I would suggest that you take the time you need, there’s no real rush …is there?

      Just be careful that you don’t set yourself up to be hurt/ridiculed if you’re not strong enough to handle it (yet)…..and there WILL be many who will ridicule you within the rooms, and point to you and say…”he’s going to get drunk.”…..that’s simply bullcr*p and borders on bullying in my opinion.

      Best of luck to you…

    • I left 8 years ago and everything has been fine and I know many who have done this. However it is not a decision to take lightly. I had one on one support from a very good therapist at the time who helped me a lot with CBT methods. I gradually transitioned out after reading a lot and deciding I wanted a more independant lifestyle. I also made use of Smart recovery, especially online meetings. I found this approach helpful and had a period when I used Smart and AA together. I was using Smart CBT methods and AA’s sober community. Smart is there for as long as you need it but is not aimed as a group that you need to attend for life in the same way that it is suggested in AA. There atre many good books listed in the books section here and write ups of other solutions. https://www.recoveringfromrecovery.com/book-reviews-recovery/
      Take your time and work out what is best for you.

    • It’s the second best thing I’ve done in a long time other than getting sober of course … Why I waited so long is still a mystery but I’m happier now than ever with no thought of drinking . Some people can walk away and be fine , others not so much the trick is figuring out which one are you .. Good luck

  25. thankyou for all the posts

  26. I left AA 5 years ago, for 3 years I didn’t go near it..then I went back to NA which I had been to during my 19yrs in and around AA.For the past 2 years, I tried NA..i left NA 3 months ago.dureing the years in AA/NA..i did meetings I had sponsors I did service mainly in NA but also some in AA I bought most of the books in both AA/NA and read them,some daily.I did 2 life stories in AA and went through up to step 7 one time in AA, then all 12 steps in AA..in NA I did up to step 7.and wrote 2 life stories one was read. I had periods of abstinence in both AA NA..i drank alcohol and smoked cannabis..when I arrived in AA.I have continued to drink and use cannabis..none of it stopped me for life.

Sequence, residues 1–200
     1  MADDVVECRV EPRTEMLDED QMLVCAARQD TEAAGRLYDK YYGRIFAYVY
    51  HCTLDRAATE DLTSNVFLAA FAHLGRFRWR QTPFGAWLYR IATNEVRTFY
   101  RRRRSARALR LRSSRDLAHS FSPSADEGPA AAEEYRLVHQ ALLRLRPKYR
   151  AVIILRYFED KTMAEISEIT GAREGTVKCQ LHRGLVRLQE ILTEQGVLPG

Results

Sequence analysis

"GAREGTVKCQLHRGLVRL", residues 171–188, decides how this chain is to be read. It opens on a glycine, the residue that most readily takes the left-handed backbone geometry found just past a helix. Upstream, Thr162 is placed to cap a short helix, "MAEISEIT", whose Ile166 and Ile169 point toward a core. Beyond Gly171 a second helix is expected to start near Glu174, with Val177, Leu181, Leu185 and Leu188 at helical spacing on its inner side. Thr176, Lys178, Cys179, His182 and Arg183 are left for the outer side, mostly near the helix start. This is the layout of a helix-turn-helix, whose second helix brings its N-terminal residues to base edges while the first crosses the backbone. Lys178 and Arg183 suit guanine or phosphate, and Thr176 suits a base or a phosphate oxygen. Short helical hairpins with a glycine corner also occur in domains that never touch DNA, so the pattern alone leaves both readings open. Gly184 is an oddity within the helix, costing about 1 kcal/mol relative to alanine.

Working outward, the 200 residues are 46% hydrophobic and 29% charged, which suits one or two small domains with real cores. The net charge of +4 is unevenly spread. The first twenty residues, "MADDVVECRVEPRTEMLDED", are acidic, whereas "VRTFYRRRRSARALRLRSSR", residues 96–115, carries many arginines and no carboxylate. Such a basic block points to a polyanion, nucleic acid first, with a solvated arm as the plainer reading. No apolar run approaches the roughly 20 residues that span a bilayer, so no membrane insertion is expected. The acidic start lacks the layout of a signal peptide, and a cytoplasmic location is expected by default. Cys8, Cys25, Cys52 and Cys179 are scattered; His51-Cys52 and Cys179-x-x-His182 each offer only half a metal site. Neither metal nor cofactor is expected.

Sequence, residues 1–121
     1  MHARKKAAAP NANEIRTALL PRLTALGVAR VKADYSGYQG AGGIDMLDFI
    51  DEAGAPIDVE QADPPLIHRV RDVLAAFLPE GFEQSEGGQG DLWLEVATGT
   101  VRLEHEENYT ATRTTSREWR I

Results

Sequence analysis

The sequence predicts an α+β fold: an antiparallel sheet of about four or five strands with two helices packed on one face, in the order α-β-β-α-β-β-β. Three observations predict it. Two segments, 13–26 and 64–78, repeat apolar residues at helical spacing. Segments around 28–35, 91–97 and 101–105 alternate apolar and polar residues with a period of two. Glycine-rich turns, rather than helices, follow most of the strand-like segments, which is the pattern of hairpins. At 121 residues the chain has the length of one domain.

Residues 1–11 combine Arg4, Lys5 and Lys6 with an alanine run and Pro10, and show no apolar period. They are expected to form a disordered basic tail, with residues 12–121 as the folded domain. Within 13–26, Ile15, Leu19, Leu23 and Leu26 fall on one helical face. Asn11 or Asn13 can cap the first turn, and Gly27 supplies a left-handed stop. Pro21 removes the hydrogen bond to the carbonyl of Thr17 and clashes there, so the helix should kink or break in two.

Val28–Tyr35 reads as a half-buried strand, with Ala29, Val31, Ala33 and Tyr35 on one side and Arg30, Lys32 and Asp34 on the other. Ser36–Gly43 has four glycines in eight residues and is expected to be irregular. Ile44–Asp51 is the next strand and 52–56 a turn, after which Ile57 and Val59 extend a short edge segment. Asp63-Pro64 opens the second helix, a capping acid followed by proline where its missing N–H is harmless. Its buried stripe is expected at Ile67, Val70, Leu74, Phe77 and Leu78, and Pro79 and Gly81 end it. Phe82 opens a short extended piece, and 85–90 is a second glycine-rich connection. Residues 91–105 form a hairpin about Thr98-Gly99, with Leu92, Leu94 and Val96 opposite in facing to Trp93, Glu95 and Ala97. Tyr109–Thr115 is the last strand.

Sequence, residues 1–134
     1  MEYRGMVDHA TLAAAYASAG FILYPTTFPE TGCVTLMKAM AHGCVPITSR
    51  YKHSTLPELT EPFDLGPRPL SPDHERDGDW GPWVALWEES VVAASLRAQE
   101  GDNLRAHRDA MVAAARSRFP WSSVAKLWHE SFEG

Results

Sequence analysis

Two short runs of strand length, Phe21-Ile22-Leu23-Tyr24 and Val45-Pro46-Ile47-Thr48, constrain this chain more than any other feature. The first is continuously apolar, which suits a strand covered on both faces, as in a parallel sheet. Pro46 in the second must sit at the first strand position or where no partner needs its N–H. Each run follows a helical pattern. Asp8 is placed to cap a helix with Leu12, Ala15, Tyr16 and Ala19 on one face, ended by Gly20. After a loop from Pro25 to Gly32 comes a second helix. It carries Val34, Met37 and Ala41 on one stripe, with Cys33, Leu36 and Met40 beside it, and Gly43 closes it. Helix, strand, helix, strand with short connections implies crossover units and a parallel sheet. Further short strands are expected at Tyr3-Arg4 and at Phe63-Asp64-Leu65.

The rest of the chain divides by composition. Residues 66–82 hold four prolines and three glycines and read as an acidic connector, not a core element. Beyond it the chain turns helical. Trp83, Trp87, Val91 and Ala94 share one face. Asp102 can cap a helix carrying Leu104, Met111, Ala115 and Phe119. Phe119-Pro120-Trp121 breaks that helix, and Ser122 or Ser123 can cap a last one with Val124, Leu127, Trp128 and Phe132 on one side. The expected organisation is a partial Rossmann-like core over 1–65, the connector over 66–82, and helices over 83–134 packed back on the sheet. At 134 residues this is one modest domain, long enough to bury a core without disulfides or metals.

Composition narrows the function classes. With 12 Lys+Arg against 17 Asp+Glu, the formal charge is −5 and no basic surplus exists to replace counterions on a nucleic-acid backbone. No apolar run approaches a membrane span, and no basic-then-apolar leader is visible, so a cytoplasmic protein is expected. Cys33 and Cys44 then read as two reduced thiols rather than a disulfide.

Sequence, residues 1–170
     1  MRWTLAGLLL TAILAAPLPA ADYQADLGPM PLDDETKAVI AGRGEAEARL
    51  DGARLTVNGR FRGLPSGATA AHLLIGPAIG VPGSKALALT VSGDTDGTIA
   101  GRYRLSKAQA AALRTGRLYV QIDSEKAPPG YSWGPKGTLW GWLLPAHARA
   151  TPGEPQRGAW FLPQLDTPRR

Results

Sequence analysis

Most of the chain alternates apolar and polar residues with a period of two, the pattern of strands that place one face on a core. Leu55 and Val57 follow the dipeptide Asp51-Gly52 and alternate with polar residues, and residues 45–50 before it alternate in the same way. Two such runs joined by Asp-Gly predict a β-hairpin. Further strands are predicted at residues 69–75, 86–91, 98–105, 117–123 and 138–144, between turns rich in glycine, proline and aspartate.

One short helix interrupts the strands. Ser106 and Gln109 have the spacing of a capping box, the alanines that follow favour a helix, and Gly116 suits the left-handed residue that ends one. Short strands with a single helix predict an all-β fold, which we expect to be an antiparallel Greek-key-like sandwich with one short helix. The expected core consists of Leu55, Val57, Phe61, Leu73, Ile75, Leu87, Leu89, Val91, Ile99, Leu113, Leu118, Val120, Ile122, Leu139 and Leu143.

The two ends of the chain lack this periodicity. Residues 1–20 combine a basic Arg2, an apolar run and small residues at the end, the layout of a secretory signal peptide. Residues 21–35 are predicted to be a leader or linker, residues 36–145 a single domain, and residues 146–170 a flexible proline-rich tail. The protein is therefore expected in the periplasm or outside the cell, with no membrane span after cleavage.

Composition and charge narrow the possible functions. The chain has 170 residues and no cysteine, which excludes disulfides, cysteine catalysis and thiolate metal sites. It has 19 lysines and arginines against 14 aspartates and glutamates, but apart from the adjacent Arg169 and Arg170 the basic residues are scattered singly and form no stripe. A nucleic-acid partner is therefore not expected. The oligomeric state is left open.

what I have come to realise is that im not an alcoholic or and addict..for example I can have 1 or 2 drinks and stop…i can drink and leave it alone for weeks and not crave it…in last 3 months I have drunk twice..on one ocassion I had 4 halfs of larger….then nothing for weeks then on xmas eve I had a few drinks and not touched it since, nor do I have thots to drink.the canabis pre AA many years ago I gave that up for 8 years without 12 step fellowships… I also stayed off everything in NA back in 2004 for over a year without working steps… I have used cannabis since leaving 3 months ago..but I have also stopped and stayed off for periods without any of the Na or AA suggestions..right now I have not had a drink for is it 20 days or more…and I have not had any cannabis for nearly a week now…and I’m not having thots to use drink or weed…I’m also not doing any of the suggestions.so I have control and I don’t crave… I also don’t go on to use heroin or crack when I drink..or smoke weed…so, therefore, I cant be an alcoholic or an addict….what I found in AA from the first week I went there were bullies assumptions finger wagging gossip double standards power mad people, predators, shunning criticisms controlling verbal abuse later death threats sexual harassment intimidation threats to be battered financial manipulation and that I was to belive that I caused all things bad in my, life pre aa and after it.. I made no friends in AA and had 1 persons support that later was to blame me criticise me belittle me showed little if any empathy around abuse I had gone through and later when I was out of AA and ill and on heavy prescription medicine 13steped me .the rest in aa shunned me…in na I had some support from 3 women…the sponsor was ok at first but later found her to be fake she later belittled me lied to me a few times and became cold also manipulated me out of a lot of money.. I found out she was committing criminal activity while working 12 sts and doing suggestions .. I feel I wasted 19 yrs of my life and was put in a position where I found it difficult if not impossible to defend myself .going there isolated me.I’m surprised I didn’t end up in the mental hospital during this time in my life many around me in meetings did.I don’t like AA or most of those I met in there.. I don’t like the way they think .i find them very cold uncaring people..they only care about themselves..as for support it was practically nil in AA. I was told before I left those nice people in AA aren’t liked in AA that I was hated by them all.I don’t care anymore these people mean nothing to me now. I don’t need or like them .i don’t enjoy being around them.when I spoke of some of the abuses that happened to me in AA to outside counsellors they were disgusted at how I was treated.. though I have no religion nor am I religious ..but because I have faith in God and had some good .counsellors along the way I have been able to forgive the people in there that hurt me and my anger has gone.and i have let it go these people mean nothing to me i was around them 2 decades and hardley knew them no close friends…they were abuseive people selfish greedy with no compassion or warmth I have to lol now when I recall the last sponsor bragging in meetings there was no one as kind as her and how she was no longer selfish ..then later manipulated me out of a lot of money and had no kindness in her feedback around any difficulies I had with anything in my life she had no undertsanding whatsoever of any of the problems I was faceing when I knew her she just had cold responses..or anger such as shouting screaming in meetings how she wanted to smash all the womens faces in like she had smashed her partners face in the night before. .today I know AA and many (tho not all ) in it are very sick childish selfish angry twisted ( sexually perverted rapists child molesters sex addicts ) people who pretended to be happy faked smiles and went home and moaned and kicked doors in bitter people..who probably do have to do it to stay off drink and change their natures. I do pray for them to get well that’s the only thing I do that I heard in AA ..however, I did this before I got there I used to pray for people including my enemies before I got there…there’s only been one person in my lifetime I didn’t want to pray for…that was an x husband.. I forgot him years ago and I forgot a lot of them in AA now .. I don’t think about them that often and in time I know I won’t think about them at all… I have plans for my life that I have been putting into motion ..I’m going to get into new things arts crafts music art writing I’m going to live on the coast make new friends. I bought myself a static caravan there..I’m excited and happy about this. I do things I enjoy today. I mix with people who care about me and I care about them. I made new friends after I left NA ..they like me as I am and I like myself as I am. and I shall make new friends at the coast.. I have also made a male platonic friend who is not AA/NA or an alcoholic or addict who is not indecent like the men I knew somewhat in AA but a good and caring decent person who unlike the lazy men I met in AA worked hard for a living.. I’m so glad I didn’t turn into one of those horrible nasty greedy cold bitter people.and that i am free of it all and content in my life .